Victorian cemeteries throughout the U.S. attract tourists every day. More than 200,000 people pass through the gates of Mount Auburn Cemetery each year.
Laurel Hill Cemetery in Philadelphia, Pennsylvania, refers to itself as a “unique destination for connoisseurs of art, architecture, and horticulture” as well as an “outdoor sculptural garden” and “truly unique historical resource.”
They offer events including special walking tours for Black History Month, Women’s History Month, and St. Patrick’s Day, as well as bird-watching walks, a book club, and programs on topics like grieving.
Many cemeteries host public events plus community and educational programs. Mount Auburn, Laurel Hill, and others have mobile apps with burial records information, notable graves, and self-guided tours. Others offer guided or audio tours that highlight noteworthy grave locations, prominent statues and monuments, mausoleums, and architectural structures.
How to Find a Victorian Cemetery in the U.S.
Nothing is too difficult to find anymore thanks to the Internet and map applications on smartphones, but there are other ways you can locate a great cemetery, simply by looking around. Here are some helpful hints.
Watch for signs
Many garden-style cemeteries are historically significant or notable in different ways, such as their soldiers' lot, arboretums, tourist locations, educational programs, and more. Watch for wayfinding interstate and road signs to guide you to your selected cemetery.
Other reasons a cemetery may be included in directional signage:
- National Register of Historic Places
- National Historic Landmark
- U.S. Presidents
- Various political figures
- Historical persons
- Famous persons
- Infamous persons
A natural oasis
If you see an area in the middle of a big city where there are more trees than buildings, you’re looking at a major city park or a Victorian cemetery. Clues it’s a cemetery include a large, ornate entry gate and walls or fencing around the property.
Many cemeteries have specific open hours, and the gates will be locked immediately after close. Make sure you don’t get locked in! If this happens and a guard hasn’t noticed you, go to the cemetery office, which is usually located by the front gate. There may also be signs throughout the grounds that have a phone number in case of these situations.
Is it a Cemetery or a Graveyard?
Is it a cemetery or graveyard? There are definite differences between styles, and not just based on when they were built.
Early Christian burying grounds, for example, are usually locations where the first Americans are buried dating back to the 1630s. Given the timeframe, they are usually limited to the Northeast coastline or the New England area. Gravestones made of slate may dot the grassy landscape. Burial locations for early Americans dating back to the 1630s
Churchyards or graveyards, as noted by their name, are located next to and maintained by the church. Again, similar to the early Christian burial grounds, they will be covered in grass rather than trees. Graves are often organized in rows, marked by their upright gravestones. Some churchyards also have some ornate gravestones.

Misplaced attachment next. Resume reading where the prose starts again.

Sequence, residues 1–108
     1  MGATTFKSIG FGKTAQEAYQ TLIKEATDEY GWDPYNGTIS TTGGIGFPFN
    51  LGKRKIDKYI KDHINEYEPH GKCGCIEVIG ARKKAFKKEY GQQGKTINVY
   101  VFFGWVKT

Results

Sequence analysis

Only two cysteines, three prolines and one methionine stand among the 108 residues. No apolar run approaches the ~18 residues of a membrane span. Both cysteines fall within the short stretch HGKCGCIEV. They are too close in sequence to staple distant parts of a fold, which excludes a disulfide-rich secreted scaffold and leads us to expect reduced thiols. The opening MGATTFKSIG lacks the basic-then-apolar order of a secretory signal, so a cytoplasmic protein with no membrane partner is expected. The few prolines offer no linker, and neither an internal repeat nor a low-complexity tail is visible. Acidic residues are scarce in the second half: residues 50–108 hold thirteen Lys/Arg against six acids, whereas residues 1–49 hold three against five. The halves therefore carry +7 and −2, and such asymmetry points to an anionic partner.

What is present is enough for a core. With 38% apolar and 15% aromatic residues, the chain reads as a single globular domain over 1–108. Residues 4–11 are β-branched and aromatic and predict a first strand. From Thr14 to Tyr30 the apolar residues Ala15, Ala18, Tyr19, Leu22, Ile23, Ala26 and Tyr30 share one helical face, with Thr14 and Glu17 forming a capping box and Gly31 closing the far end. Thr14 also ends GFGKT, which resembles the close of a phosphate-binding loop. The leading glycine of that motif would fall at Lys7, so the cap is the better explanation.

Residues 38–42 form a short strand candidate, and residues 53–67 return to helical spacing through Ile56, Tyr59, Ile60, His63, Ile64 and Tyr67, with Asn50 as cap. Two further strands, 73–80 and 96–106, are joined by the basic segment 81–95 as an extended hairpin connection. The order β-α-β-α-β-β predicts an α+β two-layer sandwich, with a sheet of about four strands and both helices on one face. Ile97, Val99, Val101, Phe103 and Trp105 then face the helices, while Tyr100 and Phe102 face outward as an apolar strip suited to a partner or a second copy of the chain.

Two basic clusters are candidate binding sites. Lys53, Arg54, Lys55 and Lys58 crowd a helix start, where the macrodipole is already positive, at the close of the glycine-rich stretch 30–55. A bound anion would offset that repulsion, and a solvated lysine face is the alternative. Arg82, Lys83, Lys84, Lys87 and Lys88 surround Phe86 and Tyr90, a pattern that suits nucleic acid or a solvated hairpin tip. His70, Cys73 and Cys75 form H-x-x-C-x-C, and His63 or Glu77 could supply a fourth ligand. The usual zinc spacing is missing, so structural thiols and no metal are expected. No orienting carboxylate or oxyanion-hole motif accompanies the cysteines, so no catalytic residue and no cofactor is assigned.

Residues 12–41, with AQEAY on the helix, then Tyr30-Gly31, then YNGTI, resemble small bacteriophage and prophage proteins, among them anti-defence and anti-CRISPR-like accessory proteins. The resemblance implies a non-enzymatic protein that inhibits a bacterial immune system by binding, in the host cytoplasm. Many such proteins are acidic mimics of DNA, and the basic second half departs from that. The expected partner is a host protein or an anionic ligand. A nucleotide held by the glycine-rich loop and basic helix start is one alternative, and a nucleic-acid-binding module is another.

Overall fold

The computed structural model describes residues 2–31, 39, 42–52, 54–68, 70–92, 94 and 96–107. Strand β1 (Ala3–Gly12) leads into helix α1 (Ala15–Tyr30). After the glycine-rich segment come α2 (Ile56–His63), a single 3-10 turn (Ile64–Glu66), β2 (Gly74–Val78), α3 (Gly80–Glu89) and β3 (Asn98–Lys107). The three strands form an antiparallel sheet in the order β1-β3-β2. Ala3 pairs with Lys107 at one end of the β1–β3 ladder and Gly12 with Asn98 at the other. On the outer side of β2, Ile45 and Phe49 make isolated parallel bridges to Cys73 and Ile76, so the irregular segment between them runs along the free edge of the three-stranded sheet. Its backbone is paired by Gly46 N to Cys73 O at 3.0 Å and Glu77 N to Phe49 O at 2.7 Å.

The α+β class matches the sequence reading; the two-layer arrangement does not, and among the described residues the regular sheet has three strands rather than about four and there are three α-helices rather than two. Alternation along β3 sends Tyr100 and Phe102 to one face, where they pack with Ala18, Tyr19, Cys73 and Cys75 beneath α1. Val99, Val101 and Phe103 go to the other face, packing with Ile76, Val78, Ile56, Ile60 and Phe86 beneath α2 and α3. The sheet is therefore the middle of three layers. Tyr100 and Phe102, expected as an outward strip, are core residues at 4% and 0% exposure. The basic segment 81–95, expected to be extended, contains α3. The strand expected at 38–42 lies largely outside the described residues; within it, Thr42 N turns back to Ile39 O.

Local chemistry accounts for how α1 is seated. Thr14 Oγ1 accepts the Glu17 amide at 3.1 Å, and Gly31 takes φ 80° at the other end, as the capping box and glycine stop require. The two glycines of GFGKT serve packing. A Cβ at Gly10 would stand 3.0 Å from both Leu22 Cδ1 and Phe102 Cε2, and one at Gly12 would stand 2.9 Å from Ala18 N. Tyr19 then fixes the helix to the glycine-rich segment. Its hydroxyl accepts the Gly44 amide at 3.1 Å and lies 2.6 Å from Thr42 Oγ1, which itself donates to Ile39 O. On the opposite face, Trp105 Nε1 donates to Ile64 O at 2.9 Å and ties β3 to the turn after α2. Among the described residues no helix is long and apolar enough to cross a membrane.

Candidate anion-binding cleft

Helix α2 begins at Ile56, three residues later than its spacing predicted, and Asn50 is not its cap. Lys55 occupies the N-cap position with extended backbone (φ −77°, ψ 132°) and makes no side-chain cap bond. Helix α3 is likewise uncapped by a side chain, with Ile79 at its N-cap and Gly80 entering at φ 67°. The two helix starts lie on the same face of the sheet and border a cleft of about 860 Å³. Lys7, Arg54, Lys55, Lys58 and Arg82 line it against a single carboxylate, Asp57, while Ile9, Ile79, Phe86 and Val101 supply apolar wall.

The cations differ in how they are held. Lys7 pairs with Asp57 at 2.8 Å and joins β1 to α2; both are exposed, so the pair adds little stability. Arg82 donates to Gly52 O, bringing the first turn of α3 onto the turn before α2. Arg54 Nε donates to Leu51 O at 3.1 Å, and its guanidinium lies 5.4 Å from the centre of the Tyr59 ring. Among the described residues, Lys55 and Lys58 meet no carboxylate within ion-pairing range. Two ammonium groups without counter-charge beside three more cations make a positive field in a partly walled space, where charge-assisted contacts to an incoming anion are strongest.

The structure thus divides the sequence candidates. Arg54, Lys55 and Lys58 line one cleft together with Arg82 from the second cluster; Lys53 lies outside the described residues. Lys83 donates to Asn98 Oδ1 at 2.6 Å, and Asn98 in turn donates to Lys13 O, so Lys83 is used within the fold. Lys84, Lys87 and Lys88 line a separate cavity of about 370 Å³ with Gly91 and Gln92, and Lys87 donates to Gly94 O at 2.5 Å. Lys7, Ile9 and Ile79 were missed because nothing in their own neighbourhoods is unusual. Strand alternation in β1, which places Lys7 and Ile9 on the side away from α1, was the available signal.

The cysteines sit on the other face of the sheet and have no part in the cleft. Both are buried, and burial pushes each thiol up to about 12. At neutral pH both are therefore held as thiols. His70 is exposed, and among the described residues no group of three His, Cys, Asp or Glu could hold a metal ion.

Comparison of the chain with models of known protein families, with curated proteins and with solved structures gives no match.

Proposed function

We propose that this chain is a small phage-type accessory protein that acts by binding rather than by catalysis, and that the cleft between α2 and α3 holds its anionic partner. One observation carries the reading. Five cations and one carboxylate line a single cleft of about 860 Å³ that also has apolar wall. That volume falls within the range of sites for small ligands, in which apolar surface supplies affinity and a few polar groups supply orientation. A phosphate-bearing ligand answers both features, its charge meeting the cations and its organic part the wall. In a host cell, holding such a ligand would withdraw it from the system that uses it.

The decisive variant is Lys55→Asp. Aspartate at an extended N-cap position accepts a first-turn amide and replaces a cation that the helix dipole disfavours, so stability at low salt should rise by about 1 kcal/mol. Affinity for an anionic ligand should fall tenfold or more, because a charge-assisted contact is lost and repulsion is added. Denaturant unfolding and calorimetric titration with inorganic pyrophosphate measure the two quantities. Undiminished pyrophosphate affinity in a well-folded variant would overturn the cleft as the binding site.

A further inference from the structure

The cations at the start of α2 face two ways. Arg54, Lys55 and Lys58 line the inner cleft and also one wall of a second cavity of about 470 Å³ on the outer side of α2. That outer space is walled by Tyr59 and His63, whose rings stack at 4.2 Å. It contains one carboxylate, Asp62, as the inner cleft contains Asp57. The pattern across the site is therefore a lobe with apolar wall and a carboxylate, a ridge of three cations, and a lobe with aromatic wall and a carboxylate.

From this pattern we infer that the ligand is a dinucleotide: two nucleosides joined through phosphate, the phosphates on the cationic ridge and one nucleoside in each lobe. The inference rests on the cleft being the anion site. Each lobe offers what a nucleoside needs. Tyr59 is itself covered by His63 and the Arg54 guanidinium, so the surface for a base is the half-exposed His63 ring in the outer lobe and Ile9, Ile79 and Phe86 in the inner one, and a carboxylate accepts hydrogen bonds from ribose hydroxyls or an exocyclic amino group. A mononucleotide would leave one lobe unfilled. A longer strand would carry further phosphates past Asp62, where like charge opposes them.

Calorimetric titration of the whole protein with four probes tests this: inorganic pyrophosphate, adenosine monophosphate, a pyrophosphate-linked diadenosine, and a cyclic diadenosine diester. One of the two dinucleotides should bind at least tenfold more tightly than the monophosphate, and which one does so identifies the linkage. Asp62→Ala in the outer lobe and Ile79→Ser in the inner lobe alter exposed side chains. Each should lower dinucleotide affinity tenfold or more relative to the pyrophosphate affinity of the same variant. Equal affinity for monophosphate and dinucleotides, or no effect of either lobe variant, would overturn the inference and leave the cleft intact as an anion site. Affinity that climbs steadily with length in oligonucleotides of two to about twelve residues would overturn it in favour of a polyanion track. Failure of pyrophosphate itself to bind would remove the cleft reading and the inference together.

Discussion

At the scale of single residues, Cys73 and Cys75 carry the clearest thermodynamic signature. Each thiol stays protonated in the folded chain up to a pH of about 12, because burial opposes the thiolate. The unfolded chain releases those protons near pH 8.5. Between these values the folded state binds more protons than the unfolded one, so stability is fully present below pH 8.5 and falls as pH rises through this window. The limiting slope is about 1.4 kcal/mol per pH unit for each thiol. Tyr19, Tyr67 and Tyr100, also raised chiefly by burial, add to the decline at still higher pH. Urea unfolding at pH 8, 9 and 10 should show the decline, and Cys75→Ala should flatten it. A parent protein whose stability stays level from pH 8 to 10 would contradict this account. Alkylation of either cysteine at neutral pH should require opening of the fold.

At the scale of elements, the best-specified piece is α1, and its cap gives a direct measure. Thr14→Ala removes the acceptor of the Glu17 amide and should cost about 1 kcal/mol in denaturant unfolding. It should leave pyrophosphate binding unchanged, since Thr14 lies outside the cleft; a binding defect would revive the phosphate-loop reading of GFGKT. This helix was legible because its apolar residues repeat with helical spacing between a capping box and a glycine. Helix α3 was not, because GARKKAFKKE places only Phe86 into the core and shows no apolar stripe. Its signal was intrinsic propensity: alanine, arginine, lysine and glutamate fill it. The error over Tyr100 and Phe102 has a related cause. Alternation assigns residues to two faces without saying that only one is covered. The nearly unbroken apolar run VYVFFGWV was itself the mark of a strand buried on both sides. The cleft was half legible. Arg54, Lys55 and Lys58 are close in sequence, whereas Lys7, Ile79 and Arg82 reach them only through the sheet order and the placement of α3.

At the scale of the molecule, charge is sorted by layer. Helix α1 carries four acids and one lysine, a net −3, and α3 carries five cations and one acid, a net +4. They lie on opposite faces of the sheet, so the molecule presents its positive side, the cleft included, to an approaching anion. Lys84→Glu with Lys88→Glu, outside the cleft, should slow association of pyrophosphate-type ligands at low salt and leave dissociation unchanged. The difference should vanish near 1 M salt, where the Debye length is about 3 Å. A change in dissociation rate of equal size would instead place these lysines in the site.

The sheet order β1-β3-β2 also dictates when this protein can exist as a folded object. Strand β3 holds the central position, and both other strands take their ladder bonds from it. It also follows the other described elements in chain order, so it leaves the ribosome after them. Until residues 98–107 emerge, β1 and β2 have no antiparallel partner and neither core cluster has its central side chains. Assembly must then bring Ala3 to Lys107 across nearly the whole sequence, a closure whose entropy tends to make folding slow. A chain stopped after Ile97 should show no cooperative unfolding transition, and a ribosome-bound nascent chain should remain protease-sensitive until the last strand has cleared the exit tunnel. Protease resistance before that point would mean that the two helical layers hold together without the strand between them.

Victorian (aka rural or garden) cemeteries are noted by their variety of gravestones, usually in many shapes and sizes, as mentioned above. Victorian cemeteries will also feature more personalized options, including beautiful statuary and public or private mausoleums. They also work with the natural landscape, and will often feature many trees, plants, and flowers.
Memorial parks are recognized thanks to their flat lawn markers, and may also have upright grave markers. They will also be quite grassy, but have all their graves organized in neat rows
Finally, green burial locations feature natural burials. Many of these will likely not have gravestones, and may be marked or unmarked. In the event that they are marked, they may have a natural stone or tree to signify the location.
The easiest way to tell if a cemetery is Victorian is based on their monuments and statuary. You will find a surprising variety of grave markers ranging in size from a small marker a few inches tall for an unnamed infant to an obelisk at least 55 feet high.
One such example is the obelisk marking the grave of Edwin Fitler, a former mayor of Philadelphia, located in Laurel Hill Cemetery.
Cemeteries are for the Living, Too
If there’s one thing the Victorians knew it was that cemeteries were not just for the dead – they are also welcoming places for the living. When visiting a cemetery, we should not think only of death and loss.
We should consider the living beauty around us and the lives of those who came before us. As long as we remember, we keep their memories alive.
- National Park Service, U.S. Department of the Interior. Massachusetts Conservation: Mount Auburn Cemetery. www.nps.gov/nr/travel/massachusetts_conservation/mount_auburn.html
- Willson Center Digital Humanities Lab, University of Georgia. Gravestones and Symbolism: A Brief History of American Gravestone Design. digilab.libs.uga.edu/cemetery/exhibits/show/history/symbols
- TheCemeteryClub.com. Gravestone Symbolism. www.thecemeteryclub.com/symbols.html
- National Geographic, “Cemeteries: Home to Diverse Plants and Animals” September 2019. www.nationalgeographic.com/animals/2019/10/cemeteries-home-to-diverse-plants-animals/#close
- Laurel Hill Cemetery blog, “Cemetery Symbolism: What Do Those Mysterious Monuments Mean?” June 28, 2018. laurelhillcemetery.blog/2018/06/28/cemetery-symbolism-what-do-those-mysterious-momuments-mean/